1. One who is strange, foreign, or unknown. Specifically:

One who comes from a foreign land; a foreigner. "I am a most poor woman and a stranger, Born out of your dominions." (Shak)

One whose home is at a distance from the place where he is, but in the same country.

One who is unknown or unacquainted; as, the gentleman is a stranger to me; hence, one not admitted to communication, fellowship, or acquaintance. "Melons on beds of ice are taught to bear, And strangers to the sun yet ripen here." (Granville) "My child is yet a stranger in the world." (Shak) "I was no stranger to the original." (Dryden)

2. One not belonging to the family or household; a guest; a visitor. "To honor and receive Our heavenly stranger." (Milton)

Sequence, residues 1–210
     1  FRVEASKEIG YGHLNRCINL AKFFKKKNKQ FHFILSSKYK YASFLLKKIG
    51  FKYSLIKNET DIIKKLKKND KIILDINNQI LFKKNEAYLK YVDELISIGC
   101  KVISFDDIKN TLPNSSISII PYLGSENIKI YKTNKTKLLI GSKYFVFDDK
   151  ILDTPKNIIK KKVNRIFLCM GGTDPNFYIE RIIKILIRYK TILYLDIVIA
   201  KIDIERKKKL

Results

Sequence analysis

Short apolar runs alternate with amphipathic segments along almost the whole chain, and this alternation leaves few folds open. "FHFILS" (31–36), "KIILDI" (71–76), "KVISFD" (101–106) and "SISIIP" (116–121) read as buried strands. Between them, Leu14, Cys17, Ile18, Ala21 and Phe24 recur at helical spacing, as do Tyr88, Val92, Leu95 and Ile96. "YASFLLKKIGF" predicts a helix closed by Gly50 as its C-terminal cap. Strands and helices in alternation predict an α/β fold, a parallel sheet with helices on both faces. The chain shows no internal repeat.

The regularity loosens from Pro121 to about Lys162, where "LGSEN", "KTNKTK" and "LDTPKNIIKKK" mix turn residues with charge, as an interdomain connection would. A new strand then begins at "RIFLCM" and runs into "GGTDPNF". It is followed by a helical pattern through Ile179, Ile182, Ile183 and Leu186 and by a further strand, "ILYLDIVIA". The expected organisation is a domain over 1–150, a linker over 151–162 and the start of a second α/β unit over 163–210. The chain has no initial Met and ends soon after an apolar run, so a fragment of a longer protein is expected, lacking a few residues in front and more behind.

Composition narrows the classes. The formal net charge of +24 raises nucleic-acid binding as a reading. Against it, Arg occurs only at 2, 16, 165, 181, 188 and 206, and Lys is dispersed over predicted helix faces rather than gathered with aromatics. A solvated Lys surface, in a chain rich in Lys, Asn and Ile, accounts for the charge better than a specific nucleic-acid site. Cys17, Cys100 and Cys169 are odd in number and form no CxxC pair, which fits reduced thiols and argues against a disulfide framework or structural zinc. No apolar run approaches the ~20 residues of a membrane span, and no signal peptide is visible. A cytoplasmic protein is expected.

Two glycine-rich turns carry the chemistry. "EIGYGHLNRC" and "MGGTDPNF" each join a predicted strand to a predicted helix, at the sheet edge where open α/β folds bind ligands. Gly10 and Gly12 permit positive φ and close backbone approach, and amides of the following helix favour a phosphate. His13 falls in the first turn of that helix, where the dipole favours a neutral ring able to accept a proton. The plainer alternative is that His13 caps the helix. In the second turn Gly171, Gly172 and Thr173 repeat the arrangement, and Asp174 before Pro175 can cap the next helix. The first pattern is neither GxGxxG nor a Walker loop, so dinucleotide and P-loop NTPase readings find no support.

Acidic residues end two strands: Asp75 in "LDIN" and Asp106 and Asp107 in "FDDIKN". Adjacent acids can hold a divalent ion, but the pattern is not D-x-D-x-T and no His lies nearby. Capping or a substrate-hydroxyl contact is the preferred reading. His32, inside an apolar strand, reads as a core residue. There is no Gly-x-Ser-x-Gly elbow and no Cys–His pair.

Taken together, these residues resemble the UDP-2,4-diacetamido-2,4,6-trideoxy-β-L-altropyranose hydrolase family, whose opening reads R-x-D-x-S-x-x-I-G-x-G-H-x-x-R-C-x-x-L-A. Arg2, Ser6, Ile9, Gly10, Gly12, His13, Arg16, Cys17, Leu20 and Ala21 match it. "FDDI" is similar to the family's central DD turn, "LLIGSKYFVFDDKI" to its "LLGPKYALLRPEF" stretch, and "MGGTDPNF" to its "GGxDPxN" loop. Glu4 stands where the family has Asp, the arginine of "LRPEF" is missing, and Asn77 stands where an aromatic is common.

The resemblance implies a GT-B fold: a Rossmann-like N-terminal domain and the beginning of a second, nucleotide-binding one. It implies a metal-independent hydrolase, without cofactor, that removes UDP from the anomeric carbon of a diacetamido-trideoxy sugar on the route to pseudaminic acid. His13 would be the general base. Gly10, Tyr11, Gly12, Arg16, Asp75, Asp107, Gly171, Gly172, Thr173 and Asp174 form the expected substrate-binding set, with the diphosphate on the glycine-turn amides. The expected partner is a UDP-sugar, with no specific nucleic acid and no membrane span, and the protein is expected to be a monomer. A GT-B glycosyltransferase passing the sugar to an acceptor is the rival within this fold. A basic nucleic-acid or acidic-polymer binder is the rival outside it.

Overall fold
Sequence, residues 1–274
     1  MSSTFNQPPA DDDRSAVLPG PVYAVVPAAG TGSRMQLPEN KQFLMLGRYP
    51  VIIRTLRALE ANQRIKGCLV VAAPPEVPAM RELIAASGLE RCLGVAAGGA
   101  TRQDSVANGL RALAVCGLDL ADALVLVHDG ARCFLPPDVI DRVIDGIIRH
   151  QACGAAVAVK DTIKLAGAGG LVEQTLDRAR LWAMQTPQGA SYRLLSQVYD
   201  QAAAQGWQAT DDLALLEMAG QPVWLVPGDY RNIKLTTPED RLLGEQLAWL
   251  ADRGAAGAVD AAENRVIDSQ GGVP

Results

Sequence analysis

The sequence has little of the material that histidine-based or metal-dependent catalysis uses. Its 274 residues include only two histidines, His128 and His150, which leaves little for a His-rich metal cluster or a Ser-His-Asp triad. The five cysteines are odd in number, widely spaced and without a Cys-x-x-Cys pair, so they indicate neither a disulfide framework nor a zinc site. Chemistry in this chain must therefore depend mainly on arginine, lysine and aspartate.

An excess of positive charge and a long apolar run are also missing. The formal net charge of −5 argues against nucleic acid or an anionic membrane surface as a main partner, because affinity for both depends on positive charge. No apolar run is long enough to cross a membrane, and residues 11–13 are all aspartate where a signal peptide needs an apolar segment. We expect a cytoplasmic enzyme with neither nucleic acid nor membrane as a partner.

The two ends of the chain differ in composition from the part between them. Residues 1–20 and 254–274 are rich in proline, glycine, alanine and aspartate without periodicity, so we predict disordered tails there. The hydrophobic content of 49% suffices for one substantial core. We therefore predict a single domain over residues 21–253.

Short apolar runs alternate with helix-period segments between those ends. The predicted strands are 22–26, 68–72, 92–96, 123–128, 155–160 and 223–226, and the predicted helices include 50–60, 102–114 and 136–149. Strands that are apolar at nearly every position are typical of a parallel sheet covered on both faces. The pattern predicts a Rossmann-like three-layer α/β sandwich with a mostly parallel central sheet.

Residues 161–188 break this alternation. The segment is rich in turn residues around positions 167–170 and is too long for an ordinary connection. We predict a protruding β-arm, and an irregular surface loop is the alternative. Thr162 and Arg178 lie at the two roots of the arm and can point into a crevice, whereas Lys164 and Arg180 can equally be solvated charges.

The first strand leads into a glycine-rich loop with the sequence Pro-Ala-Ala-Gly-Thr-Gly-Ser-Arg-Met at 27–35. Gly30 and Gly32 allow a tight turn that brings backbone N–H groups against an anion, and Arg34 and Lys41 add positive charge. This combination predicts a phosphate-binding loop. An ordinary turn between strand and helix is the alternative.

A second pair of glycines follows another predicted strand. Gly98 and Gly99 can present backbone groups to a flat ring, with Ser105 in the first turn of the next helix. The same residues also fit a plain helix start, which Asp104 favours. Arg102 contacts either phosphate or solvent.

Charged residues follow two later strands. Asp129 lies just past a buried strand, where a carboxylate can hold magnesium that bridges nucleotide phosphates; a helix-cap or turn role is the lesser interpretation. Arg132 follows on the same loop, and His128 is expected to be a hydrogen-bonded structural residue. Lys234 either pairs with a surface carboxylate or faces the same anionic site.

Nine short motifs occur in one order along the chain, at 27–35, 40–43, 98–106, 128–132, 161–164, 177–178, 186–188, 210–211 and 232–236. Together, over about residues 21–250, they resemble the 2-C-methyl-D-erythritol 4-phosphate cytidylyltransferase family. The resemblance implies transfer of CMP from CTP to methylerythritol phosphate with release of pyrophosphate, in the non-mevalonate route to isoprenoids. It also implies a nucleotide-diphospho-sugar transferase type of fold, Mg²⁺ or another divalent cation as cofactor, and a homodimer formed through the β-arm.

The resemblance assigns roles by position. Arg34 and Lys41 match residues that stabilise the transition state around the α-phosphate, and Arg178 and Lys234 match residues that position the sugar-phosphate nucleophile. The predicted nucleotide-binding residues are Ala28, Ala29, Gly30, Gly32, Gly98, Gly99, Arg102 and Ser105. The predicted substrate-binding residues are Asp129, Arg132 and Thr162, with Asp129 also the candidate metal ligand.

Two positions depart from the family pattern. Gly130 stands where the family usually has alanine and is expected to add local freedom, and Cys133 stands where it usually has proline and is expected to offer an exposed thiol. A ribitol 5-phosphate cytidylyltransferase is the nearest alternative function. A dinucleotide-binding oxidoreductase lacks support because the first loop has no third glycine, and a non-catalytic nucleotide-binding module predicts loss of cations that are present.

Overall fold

3. One not privy or party an act, contract, or title; a mere intruder or intermeddler; one who interferes without right; as, actual possession of land gives a good title against a stranger having no title; as to strangers, a mortgage is considered merely as a pledge; a mere stranger to the levy.

Origin: OF. Estrangier, F. Etranger. See Strange.

(01 Mar 1998)

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